Tropical Storm Alberto

In 1994, a schizophrenic Category One Hurricane named Alberto formed in July. First, it was in the Atlantic. Then it meandered across Florida and re-emerged into the Gulf and reformed as still a minimal hurricane. Then it decided to take a trip into Georgia. About 50 miles above us, and dead over the center of the Flint River’s drainage system, it became what is known as a “cut off low”. That simply meant that there were no steering currents to keep it moving; so it sat there and rained 24 inches in two days. My brother, Glenn, nicknamed it a “Hurrifizzle”, but he certainly came to regret that.


We have had a building located on this site since 1953. Mom and Dad built a catfish restaurant in 1953 on the site of our original main lodge and what is now known as Founders Cottage. All of Pop’s great aunts almost broke him because we had an all you could eat special for seniors at one dollar per plate. His aunts overheard him calling them “dollar plate pirates”, told his Mom who was their sister, and that’s one of the few times that I ever saw my Pop truly terrified. I learned why later as four of those great aunts were my first teachers in this little community school in Hopeful. They tore my little A—up almost every day, and then I got home only to receive a REAL whipping from Pop who knew how to administer one.


But, back to Hurricane now. My grandfather who was the first Cader on this land drove a big railroad spike into a cypress tree to mark the crest site of the great flood in the 1920’s. Riverview is located on one of the highest sites on the bluff of the Flint, and all of our buildings are located above that iron spike. I never knew my Grandpa Cader as he died in 1945, and I was born in 1949, but my Dad always said that I reminded him a lot of his father. I have never slept much, and have always been looking for the next big thing, or getting my fanny in a real sling. We had seen both Albany and Bainbridge flood many times between 1953 and 1994 while we stayed high and dry which was one of the reasons that I considered Federal Flood Insurance as a big waste of money. WRONG !! We do have flood insurance now.


I had good friends living in Macon who had warned me to add 6 feet to the predictions of the flood crest here. That piece of advice saved my bacon. Unlike the flash floods in the west, we have plenty of time to plan and prepare for the water. We got all of our furniture and fixtures out although Jerry fell through the ceiling of the main lodge while removing a chandelier. Jerry has never been diminutive. We took all of our doors off the hinges, and raised our windows (I wish that we would have removed them as they all had to be replaced after the flood and windows are not cheap). We wanted to provide the river with the least resistance as it swept through in an effort to keep our buildings from being swept of their foundations. We had just finished picking and shipping all of our sweet corn; so I had plenty of room to store all of our furniture. I also figured that price gouging for building supplies would be through the roof; so I purchased a lot of the building supplies that we would need to begin rebuilding and stored them at the corn plant also, which turned out to be a REAL good decision.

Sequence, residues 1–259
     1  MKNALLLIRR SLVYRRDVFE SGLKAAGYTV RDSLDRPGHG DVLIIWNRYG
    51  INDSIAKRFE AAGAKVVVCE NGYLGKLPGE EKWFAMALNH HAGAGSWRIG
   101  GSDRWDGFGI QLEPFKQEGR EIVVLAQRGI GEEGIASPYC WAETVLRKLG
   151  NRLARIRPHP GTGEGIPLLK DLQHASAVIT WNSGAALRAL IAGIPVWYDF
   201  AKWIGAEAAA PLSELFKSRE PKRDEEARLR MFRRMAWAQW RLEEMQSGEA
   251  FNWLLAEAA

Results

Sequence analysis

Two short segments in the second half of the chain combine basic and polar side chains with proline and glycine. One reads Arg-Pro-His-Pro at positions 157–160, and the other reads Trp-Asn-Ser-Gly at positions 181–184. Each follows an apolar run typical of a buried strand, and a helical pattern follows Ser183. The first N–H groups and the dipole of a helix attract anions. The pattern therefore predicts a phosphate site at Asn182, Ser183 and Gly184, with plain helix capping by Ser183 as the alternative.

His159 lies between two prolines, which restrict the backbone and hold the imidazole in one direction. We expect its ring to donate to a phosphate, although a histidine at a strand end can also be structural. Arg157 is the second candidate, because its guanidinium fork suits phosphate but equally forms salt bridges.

Once the hurricane had passed and the Flint receded, The Riverview folks began the process of tearing the buildings down to the slab, studs, and roofs. We pressure washed everything, and managed to get temporary three phase power in here, and started drying out all of our cottages with big peanut dryers. In the middle of all of this our DNR Commissioner, the head of GEMA and FEMA landed up the hill in a helicopter and asked what they could do to help. I called the DNR Commissioner, who was a good friend, off to the side, and told him to please get these bureaucrats to go help Albany and Bainbridge, and to leave me to hell alone. I said, “Joe, if these folks help me, I will go broke.” He understood, and we never received any more help. We had almost finished disinfecting, drying, and rebuilding here before FEMA allowed Albany to even enter any of their damaged buildings to check them. This was probably our finest hour of my career. I already had a firm commitment from my two favorite contractors to work six days a week. I also assigned a Riverview employee to shadow each of these guys and not allow them to leave the job site. If we needed a nail gun, claw hammer, or anything, my guy would run get it. I wanted “boots on the ground” at all times with these two contractors.


To make a long story short, we rebuilt the main lodge and seven cottages between July 15-October 15. One of our cottages broke on the foundation, and we just surround it with yellow crime scene tape, and rebuilt it the following year. This was no problem for us as we have much more sleeping space than hunting space.


Now, along comes another Alberto this week. I did learn that they did not begin retiring catastrophic storms names until later. Our predictions for both rain and winds were dire for this week. It looked like the winds were going to blow down all of our sweet corn while the rainfall totals were going to flood us again. However, God chose to smile His face upon us. The winds were minimal at best. The rains trained east of I-75 and west of us over into the Alabama and the Chattahoochee’s  drainage systems. We have escaped this one intact, and wanted to let our friends know that we are in good shape. Praise the Lord and pass the black-eyed peas!!